Of Sparrows; A Heron’s Age

Miriam Bird Greenberg

Of Sparrows

In the mountains with only the wild
        animals for company, ghosts

roam the roads, the story
        goes. They’re carrying jerrycans, and the wild

grasses wave dimly behind their dim
        forms as if snow-

• •

dusted, or dark where they pass
        through the wanderers—a bayonet,

a wolf’s tooth—and reemerge
        on the other side, the teeth

a wolf’s teeth; she stalks

 

 

the frozen river’s surface on nights
        when even the fish

whose shapes flicker up through dim shadow-
        lands of ice

are sleeping, and no one dares stop
        for a stalled vehicle. She—the wolf,

• •

I mean—was born
        before the men who’ve died in these hills

were young,
        when their fathers were young. Men say

if one is caught

 

 

on the mountain when night falls,
        they will die

of exposure, and in the hour
        that falls before death she will come

to them, to offer the lost
        her teat to suckle, and they—these men

• •

who whisper this story among one
        another, laughing as men do, as if the mountain isn’t

what they, too, avoid on winter nights—
        they are no mere villagers, raising pigeons

to dance for pageantry’s

 

 

sake, or to write their owners’ fates
        in the script their paths

through the air make mid-
        dive; they are city-dwellers like you

and I, with lunch-hour dental appointments
        and the telemarketers who call, call them

• •

by first name in an intimacy
        as feigned as they do with you

or I; with the palm of a hand each morning
        they wipe away the condensation

that fogs the mirror, as if to find a face

 

 

reflected back in full. So let’s say this story
        is a different one, of a woman

who lives alone, faraway,
        in a place we have all heard spoken of

but by no one who has ever been. One night
        a traveler comes to her door

• •

to ask for help. How can she know
        he has not come to kill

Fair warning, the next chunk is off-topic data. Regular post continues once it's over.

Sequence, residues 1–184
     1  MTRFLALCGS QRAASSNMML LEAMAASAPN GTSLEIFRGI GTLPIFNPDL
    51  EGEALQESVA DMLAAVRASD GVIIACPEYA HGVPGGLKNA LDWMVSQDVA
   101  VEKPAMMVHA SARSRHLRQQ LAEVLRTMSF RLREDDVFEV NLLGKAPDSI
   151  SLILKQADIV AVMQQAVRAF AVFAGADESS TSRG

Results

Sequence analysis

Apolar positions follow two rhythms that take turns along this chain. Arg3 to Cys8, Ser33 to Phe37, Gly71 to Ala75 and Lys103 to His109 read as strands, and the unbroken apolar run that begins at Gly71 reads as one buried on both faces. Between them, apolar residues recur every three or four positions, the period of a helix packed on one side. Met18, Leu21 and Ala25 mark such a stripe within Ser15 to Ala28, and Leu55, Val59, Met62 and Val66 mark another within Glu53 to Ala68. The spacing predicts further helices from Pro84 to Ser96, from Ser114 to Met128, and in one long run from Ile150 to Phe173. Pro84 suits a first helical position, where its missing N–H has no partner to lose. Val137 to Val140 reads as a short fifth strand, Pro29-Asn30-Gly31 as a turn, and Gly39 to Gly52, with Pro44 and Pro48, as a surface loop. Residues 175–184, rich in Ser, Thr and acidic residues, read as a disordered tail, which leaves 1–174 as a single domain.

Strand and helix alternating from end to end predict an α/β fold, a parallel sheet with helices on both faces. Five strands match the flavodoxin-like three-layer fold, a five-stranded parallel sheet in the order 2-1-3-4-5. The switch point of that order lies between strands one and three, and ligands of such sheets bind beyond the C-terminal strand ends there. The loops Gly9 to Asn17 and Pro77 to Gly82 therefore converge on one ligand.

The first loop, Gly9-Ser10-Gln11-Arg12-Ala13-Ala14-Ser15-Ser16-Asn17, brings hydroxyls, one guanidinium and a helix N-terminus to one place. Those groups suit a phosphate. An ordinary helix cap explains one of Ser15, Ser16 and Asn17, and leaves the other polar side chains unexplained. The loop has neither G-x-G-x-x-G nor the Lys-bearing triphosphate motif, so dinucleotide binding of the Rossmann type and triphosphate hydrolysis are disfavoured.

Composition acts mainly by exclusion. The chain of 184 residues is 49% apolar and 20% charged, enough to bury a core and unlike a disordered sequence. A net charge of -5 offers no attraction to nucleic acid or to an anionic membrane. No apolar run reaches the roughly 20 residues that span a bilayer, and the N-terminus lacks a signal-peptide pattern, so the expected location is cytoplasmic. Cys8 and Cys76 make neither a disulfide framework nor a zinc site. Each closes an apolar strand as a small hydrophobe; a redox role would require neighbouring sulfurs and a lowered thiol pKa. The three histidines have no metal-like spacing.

her, as happens
        often enough in those parts of the world,

as it does in these? Is it a relief

 

 

if the next morning she finds
        him frozen, the prints of wild animals making a lace-

work in the snow around him, coming
        closer where they have dipped their noses

to his form, knelt to inhale
        the scent like warm milk

• •

that rose off the body
        as it shed its steam there in the snow?

She, too, carried a gun
        as a girl,

which she once used

 

 

to kill, and raised a sparrow fallen
        from its nest to flit

to and fro from its perch in the palm
        of her hand. What,

then, is enough to make her
        understood? Must she carry not a rifle

• •

but the head of a man—like you
or I—severed and grasped

by his hair, as if an elegant handbag,

wherever she goes?

 

A Heron’s Age

The moon lies awake all night, peering down
through pecan canopy. The familiar is no longer: barred owl

that’s built a nest at the base of a tree in the yard,
around which a round wire fence meant to contain

not her, but a white dog who would do her harm, who inhabits
all out-of-doors his chain can orbit, parabola brief

as the breadth of his explorations, or
if shirked, he roves the countryside, losing

his own way home until my brother leaves off circling the fields
in a combine, or his fieldside mechanic’s truck,

to find this animal half as large as either of us, cowering
lost in a ditch where a great blue heron shot by a hunter

laid down the tasseled strands of its head to die
ten years before. Left behind, my world

has been remade: city of swept sidewalks, old men
buying scratch-offs at the donut shop and strangers

who avoid each other’s eyes, missed
connections and casual encounters. Even the owls

are unknown to me. Even the purple-lobed vetch
and the low place in the grass where, longer ago than a heron’s life-

span, a black kid goat lay newly buried under packed dirt,
and longer before that when I lived, every afternoon

for a summer, in a child’s hideout woven for me of branches
by a woman who today talks to demons from outer space, is dying

of breast cancer or curing it by meditating
to exorcism videos, she tells me. Everything I know

is hidden like a caul over the moon means rain, a gesture
at forgetting in service of something better. Put up

like a jar and forgotten until, dark as peaches
preserved by a great aunt three decades gone and even longer

from the house where she did her canning, I find and marvel
at it like a child in an abandoned cellar. We are decay-

ing second by second, and certainty, so within
reach a heron’s age ago, is a winged animal glimpsed

above in the unstitched dark. It knows nothing
of humanness; if it senses me, it is brief as its shadow

passing above through the night, but I name it
a benediction in the instant before it’s gone.

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